patients have involuntary movements secondary to syncope is that they do not need to be
treated with anticonvulsants.
Programmed exercise and conditioning is an excellent
activity in its own right and generally should not exacerbate neurocardiogenic syncope.
Some patients who have neurocardiogenic syncope will have the syncope immediately after
cessation of physical activity. Should that happen, advice is that they should take
precautions immediately after activity. These might involve the avoidance of the standing
posture and tapering off exertion rather than suddenly stopping
I have been told that I have CFS (Chronic Fatigue Syndrome) POTS, and now Neurocardiogenic Syncope, is it possible to have more than one of these disorders all at once?
They can coexist. POTS and syncope often coexist. Between 10-30% of patients with POTS
have syncope as a complication of POTS.
Has anyone suffered from a syncopal (passing out) episode while resting with Neurocardiogenic syncope?
Syncopal episodes generally do not occur while resting. There are a couple of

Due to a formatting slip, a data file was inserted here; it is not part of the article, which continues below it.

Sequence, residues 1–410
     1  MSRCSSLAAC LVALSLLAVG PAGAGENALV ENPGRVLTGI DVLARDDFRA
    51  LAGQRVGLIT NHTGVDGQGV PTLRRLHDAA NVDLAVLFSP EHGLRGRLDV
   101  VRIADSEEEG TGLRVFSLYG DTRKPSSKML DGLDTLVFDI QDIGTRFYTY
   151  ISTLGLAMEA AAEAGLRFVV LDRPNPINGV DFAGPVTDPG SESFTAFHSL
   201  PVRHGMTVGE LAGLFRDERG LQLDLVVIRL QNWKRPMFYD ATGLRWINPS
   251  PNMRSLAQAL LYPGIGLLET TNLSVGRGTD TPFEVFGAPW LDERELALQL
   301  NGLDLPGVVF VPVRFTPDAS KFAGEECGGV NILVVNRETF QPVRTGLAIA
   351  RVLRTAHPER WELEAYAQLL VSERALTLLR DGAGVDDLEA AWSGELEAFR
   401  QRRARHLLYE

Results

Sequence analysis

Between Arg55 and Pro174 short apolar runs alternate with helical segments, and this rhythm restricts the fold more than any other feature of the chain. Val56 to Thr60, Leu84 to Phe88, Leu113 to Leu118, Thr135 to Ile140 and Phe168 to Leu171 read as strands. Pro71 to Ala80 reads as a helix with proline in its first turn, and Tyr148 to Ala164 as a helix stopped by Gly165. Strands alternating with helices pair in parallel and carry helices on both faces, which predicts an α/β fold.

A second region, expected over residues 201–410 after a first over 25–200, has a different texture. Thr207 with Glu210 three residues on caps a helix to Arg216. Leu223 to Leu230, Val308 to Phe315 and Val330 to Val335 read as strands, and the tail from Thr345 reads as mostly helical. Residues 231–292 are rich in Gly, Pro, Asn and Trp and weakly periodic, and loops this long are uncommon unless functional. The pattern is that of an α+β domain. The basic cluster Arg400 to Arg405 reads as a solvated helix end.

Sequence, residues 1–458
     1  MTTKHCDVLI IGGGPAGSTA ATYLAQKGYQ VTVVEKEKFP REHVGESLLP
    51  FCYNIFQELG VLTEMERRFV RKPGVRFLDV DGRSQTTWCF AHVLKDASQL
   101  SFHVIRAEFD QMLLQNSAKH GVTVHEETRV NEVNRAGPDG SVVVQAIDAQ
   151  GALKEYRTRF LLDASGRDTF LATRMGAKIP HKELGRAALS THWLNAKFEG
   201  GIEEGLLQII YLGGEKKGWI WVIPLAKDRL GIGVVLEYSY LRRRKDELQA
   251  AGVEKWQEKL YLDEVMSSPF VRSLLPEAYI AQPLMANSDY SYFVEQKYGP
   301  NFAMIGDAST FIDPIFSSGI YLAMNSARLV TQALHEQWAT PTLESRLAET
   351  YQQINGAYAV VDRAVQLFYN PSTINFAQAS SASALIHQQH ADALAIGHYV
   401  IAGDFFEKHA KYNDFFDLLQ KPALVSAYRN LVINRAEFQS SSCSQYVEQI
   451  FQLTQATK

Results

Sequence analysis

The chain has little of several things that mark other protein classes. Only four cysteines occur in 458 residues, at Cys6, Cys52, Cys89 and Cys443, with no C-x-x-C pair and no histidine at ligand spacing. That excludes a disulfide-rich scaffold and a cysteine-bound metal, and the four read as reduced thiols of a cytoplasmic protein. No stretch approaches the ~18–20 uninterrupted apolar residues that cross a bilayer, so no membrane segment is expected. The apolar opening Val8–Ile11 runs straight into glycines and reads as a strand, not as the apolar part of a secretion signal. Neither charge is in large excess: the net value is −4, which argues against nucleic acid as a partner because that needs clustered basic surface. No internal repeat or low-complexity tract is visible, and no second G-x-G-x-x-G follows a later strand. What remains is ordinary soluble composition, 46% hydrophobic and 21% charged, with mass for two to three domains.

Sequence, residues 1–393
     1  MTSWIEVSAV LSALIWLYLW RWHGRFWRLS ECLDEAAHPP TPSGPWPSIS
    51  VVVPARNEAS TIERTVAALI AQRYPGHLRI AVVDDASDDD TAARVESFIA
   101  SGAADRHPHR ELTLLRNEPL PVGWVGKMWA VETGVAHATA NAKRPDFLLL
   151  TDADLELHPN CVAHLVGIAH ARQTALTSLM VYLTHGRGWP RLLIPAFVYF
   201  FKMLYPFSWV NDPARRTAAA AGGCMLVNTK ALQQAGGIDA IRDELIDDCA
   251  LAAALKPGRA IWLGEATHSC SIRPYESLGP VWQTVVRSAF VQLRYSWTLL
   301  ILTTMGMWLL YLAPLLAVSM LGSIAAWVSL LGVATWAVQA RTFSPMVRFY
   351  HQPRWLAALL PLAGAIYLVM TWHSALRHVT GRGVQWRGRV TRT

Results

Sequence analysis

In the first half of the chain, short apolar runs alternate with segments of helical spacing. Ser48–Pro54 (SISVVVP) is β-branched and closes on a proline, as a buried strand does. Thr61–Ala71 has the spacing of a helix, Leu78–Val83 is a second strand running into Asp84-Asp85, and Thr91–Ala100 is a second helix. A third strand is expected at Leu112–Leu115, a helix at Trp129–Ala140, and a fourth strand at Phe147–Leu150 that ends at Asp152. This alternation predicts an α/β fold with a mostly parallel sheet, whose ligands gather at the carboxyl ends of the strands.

exceptions that we are aware of. One is the syncope at rest that follows exertion in some
subjects. Uncommonly, the subject who has had one or more syncopal episode induced by
standing will have an additional one even after sitting or lying down.
Most clinicians regard these as synonymous.
Neurocardiogenic syncope is generally benign and death
is extremely rare. Sudden death is generally due to an Arrhythmia. One reason why the
patient with frequent syncope needs a cardiologic opinion is that it is important to
ensure that the patient truly has neurocardiogenic syncope and not a cardiac rhythm
abnormality. Among patients who have true neurocardiogenic syncope, transient cardiac
asystole (the heart stops beating) can infrequently be a significant component of syncope
["cardioinhibitory" component as in contrast to the "Vasodepressor"
component (low blood pressure) of the NCS ]
. After a number of seconds, the heart restarts spontaneously. We have not had any
confirmed cases of NCS as a cause of sudden death at Mayo. Patients with a history of NCS
may experience sudden death; the cause of the sudden death is almost always related to the
presence of underlying heart disease.
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The National Dysautonomia Research Foundation
(NDRF) has established this site to help inform afflicted patients, physicians
and the general public on the various forms of Dysautonomia. It is our desire to
give timely, as well as, accurate information, however NDRF will not be
responsible for the misinterpretation of the information provided.